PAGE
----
Manafort at sentencing hearing: I'm 'humiliated and ashamed'

Former Trump campaign chairman Paul ManafortPaul John ManafortDOJ investigating one-time Trump campaign adviser over alleged ties to Qatar: report Foreign lobbyists donated over M during 2020 election: report Former Mueller prosecutor representing Donoghue in congressional probes: report MORE pleaded with a federal judge for mercy Thursday at his sentencing trial for a slew of financial crimes. 

“The last two years have been the most difficult years for my family and I,” Manafort said at the Eastern District of Virginia courtroom. “To say that I feel humiliated and ashamed would be a gross understatement.”

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Asking for “compassion,” Manafort added that “I know it is my conduct that has brought me here,” according to The Washington Post.

Manafort did not apologize for his crimes, but praised Judge T.S. Ellis, saying he steered the hearing in a professional manner.

“I appreciate the fairness of the trial you conducted,” he said. “My life is professionally and financially in shambles.”

Manafort added that the national scrutiny over his case has weighed on him, though he aims “to turn the notoriety into a positive and show who I really am.”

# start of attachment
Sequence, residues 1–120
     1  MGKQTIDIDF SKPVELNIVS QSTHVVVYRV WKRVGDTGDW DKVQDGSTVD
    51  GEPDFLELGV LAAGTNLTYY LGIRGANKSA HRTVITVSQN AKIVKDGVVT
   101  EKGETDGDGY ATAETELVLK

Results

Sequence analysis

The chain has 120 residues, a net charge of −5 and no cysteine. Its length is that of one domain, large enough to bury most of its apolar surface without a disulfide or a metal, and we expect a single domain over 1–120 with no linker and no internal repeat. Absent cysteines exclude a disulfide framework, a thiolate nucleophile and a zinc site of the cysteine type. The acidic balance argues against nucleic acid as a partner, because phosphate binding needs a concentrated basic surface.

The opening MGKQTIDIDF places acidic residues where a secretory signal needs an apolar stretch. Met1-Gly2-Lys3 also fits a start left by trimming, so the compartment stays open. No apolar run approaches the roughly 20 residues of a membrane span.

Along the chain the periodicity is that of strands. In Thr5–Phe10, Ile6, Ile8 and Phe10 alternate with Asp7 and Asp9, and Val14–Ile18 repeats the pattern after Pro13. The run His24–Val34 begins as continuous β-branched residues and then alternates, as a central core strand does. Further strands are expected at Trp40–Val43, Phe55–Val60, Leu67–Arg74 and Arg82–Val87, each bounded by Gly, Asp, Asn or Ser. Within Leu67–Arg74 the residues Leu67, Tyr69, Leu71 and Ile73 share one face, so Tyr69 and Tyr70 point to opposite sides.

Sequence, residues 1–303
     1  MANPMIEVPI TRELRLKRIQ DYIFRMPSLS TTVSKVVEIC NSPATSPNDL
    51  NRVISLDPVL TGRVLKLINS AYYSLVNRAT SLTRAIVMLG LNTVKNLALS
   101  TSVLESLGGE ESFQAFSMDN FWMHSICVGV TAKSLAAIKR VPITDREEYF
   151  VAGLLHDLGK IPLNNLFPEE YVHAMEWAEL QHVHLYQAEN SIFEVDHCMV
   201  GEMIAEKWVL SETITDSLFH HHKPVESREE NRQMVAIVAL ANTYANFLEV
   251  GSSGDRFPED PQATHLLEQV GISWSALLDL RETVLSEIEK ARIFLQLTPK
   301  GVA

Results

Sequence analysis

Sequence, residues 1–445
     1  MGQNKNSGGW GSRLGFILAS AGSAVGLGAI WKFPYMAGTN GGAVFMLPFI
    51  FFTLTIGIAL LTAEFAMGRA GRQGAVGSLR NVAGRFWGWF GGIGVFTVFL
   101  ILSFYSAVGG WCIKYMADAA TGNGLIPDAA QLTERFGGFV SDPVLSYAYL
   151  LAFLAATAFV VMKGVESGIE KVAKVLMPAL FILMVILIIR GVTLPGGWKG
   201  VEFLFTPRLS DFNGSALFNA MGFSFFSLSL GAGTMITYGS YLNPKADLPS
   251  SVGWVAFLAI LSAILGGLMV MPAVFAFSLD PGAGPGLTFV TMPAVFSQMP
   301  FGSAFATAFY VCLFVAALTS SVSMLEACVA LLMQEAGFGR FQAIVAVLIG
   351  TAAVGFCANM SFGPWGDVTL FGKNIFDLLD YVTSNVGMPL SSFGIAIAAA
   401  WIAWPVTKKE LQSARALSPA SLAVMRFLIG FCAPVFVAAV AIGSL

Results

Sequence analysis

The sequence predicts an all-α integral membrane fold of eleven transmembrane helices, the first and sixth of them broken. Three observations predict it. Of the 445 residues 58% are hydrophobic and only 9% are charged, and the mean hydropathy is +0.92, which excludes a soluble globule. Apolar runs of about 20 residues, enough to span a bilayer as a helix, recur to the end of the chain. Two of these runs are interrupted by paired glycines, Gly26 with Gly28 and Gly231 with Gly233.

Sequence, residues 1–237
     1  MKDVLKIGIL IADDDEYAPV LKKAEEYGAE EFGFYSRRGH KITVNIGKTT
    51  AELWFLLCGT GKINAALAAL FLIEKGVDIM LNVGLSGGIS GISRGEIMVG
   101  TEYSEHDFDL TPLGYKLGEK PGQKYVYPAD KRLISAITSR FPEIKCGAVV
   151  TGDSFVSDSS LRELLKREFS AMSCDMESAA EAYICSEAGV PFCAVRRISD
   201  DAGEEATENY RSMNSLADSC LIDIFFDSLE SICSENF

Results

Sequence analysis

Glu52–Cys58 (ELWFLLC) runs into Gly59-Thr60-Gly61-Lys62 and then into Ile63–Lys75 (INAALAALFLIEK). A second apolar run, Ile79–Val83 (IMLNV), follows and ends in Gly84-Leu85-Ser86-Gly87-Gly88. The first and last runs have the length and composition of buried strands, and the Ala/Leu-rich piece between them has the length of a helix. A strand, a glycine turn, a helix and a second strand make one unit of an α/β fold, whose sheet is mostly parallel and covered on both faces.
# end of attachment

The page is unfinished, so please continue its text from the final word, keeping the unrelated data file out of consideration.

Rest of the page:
Manafort is being sentenced on bank and tax fraud charges in Virginia Thursday and will be sentenced in a D.C. federal court in the coming days on conspiracy charges related to his lobbying on behalf of the Ukrainian government. His trial over the summer showed Manafort cheated the IRS out of millions of dollars.

The former campaign chairman has criticized the financial charges levied against him, noting they fell outside of special counsel Robert MuellerRobert (Bob) MuellerSenate Democrats urge Garland not to fight court order to release Trump obstruction memo Why a special counsel is guaranteed if Biden chooses Yates, Cuomo or Jones as AG Barr taps attorney investigating Russia probe origins as special counsel MORE’s initial purview of possible collusion between the Trump campaign and Russia.

However, Ellis dismissed lawyers’ claims that the widened scope of Mueller’s probe delegitimized the charges against Manafort. 

“I concluded that it was legitimate” for Mueller to bring forth financial charges, Ellis said.

Virginia sentencing guidelines dictate Manafort should serve between 19.5 and 24 years in prison on the eight financial charges on which he was convicted.